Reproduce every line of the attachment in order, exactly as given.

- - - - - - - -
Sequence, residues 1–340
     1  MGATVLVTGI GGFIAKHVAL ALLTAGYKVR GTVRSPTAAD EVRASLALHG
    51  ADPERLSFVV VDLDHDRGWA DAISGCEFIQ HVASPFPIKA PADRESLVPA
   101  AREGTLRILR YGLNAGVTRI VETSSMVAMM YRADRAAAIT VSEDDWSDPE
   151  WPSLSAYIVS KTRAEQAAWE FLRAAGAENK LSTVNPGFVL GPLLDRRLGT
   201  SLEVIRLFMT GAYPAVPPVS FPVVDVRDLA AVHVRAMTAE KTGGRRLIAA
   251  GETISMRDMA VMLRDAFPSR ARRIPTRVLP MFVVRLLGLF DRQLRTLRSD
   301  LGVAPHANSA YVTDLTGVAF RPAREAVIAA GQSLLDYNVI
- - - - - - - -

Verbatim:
Sequence, residues 1–340
     1  MGATVLVTGI GGFIAKHVAL ALLTAGYKVR GTVRSPTAAD EVRASLALHG
    51  ADPERLSFVV VDLDHDRGWA DAISGCEFIQ HVASPFPIKA PADRESLVPA
   101  AREGTLRILR YGLNAGVTRI VETSSMVAMM YRADRAAAIT VSEDDWSDPE
   151  WPSLSAYIVS KTRAEQAAWE FLRAAGAENK LSTVNPGFVL GPLLDRRLGT
   201  SLEVIRLFMT GAYPAVPPVS FPVVDVRDLA AVHVRAMTAE KTGGRRLIAA
   251  GETISMRDMA VMLRDAFPSR ARRIPTRVLP MFVVRLLGLF DRQLRTLRSD
   301  LGVAPHANSA YVTDLTGVAF RPAREAVIAA GQSLLDYNVI